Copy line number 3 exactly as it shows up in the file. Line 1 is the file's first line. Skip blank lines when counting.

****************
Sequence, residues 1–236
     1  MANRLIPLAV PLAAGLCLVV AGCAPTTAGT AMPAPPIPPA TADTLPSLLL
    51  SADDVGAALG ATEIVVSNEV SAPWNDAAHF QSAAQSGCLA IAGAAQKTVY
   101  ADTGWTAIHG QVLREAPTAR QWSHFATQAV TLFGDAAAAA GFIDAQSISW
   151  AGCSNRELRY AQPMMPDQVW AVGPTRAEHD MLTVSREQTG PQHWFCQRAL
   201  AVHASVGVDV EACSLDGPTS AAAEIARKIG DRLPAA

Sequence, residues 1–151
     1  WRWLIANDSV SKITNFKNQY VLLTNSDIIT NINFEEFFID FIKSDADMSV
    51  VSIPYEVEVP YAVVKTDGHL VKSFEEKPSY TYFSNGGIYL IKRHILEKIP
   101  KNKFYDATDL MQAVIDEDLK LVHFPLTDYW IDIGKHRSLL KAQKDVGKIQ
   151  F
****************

    51  SADDVGAALG ATEIVVSNEV SAPWNDAAHF QSAAQSGCLA IAGAAQKTVY